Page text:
Guardians of the Galaxy
I really shouldn't start out a film conversation with -- best soundtrack of the year, but oh yes it is (even better than Richard Linklater's Boyhood? Yes.), and it sets the pace for the humor that ribbons throughout the entire movie. Half the time the songs are the humor, since they add to the ongoing inside joke on us silly, quaint, emotional, humans. We love our nostalgia and having aliens misunderstand it makes for even more merry making.
Yes, yes you are going to compare the film to Star Wars and Raiders of the Lost Ark, but anything this over the top will be with tongue planted in cheek and will give you a comedic historical reference, that is well, fun.
All good comedies must have a heart-centered goof that gives all the characters a rallying point and while Groot, adorable strong tree person that he is, isn't too much of a surprise, Drax, played by Dave Bautista is. Drax goes around awkwardly saying things like, "You, Quill, are my friend. This dumb tree is my friend. And this green whore is now my..." and is ultimately the one touting their friendship and gluing them all together for future installments.
Visually we have fun with tech effects like a star fleet net that covers the evil bad guys' ship and Groot's magical foresty moment of firefly-like glow spots that just reek of sweetness, ooooooh and gooooo. Chris Pratt is all buff in relief from his Parks and Recreation chubby Andy, and Zoe Saldana is green instead of blue Avatar Neytiri.
In fight sequences, you won't suffer any PTSD from century long explosions and building collapses that feel like slo-mo even when they are not a la Man of Steel, since all fighting over the planetary sea is intercut together in quick time. Guardians of the Galaxy ain't deep, but you'll laugh a lot, you'll like the characters and your brain won't hurt from over thinking it. Added bonus, the dumb fun is actually feel good movie making; just enough smart details to show the filmmakers don't believe its audience to be stupid, just aching for laughs.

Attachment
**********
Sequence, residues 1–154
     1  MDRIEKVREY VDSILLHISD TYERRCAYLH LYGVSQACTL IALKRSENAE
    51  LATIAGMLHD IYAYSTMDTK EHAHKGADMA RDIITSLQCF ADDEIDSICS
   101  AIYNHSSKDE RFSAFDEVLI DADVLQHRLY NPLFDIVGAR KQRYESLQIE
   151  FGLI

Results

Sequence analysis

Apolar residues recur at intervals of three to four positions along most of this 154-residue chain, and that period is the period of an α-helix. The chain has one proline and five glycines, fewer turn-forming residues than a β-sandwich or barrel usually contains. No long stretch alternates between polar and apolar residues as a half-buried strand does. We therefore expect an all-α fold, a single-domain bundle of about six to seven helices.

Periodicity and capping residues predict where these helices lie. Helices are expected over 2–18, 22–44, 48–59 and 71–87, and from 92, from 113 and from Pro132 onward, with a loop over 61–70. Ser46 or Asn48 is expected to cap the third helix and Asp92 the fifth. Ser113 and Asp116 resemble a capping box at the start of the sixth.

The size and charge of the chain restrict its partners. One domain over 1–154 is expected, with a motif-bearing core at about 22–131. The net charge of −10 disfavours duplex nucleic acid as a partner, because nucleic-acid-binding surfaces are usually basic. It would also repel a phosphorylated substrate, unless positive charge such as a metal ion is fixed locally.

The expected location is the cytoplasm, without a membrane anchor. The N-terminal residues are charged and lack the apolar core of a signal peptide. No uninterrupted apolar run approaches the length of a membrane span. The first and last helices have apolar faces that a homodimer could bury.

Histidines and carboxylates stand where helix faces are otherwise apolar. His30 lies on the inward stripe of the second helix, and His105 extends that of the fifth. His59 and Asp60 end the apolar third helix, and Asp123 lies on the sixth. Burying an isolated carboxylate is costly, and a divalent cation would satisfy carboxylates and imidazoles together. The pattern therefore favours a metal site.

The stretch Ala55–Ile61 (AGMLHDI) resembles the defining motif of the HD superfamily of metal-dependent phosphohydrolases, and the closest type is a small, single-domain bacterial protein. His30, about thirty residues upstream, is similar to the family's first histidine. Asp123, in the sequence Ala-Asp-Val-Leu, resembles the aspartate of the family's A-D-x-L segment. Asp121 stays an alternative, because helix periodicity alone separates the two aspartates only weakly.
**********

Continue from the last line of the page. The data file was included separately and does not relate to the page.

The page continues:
Go or no? Go! Just make sure it's IMAX 3D!
Small screen possibilities? Go see it in IMAX 3D! The humor will be so much more meh on a small screen and don't you want to be overwhelmed by all that intergalactic sight and sound?
Probably the best worst line in a film I've heard this year, comes from Snowpiercer, "Do you know what I hate most about myself? I know what people taste like. And I know that babies taste best." Chris Evans utters these words with complete and wooden seriousness. No nuance here don't worry!
This mess of a movie is thin on story but hey, we never get tired of post-apocalyptic futuristic wasteland action movies, so we know how to fill the gap when details are lacking and sentimentally, we want to give it a pass. This film is a mash-up of inspirations that range from Brazil to the Wizard of Oz, with a bit of Dante's Inferno and the nine circles of hell, plus a Daumier type illustrator always on hand. How can you dislike a movie with so many memorable cultural references?
There are some great lighting and cinematography shots where we see sunlight passing to shadow, a single-foreshadowing snowflake, and sudden brilliant cartoonish color as landscapes change, all within the confines of a long steampunk train. There's even a bit of contemplative moralizing -- are we born into a class we cannot rise out of? Add to that a mad wizard at the control panel pulling all the strings, played by an over the top Ed Harris.
So many ideas in Snowpiercer have been appropriated from other films that nothing about it feels new; still, it's going to make an ok watch on small screens. Keep your expectations low and when you're in the mood to see just how fucked up we humans can do the planet and ourselves, this will be a comforting and safe place to go.
Go or no? No.
Small screen possibilities? Yes, better!
Winner? Guardians of the Galaxy
Guardians of the Galaxy does not attempt to convince you to take it seriously and a tree saves the day. How is that for confounding technology?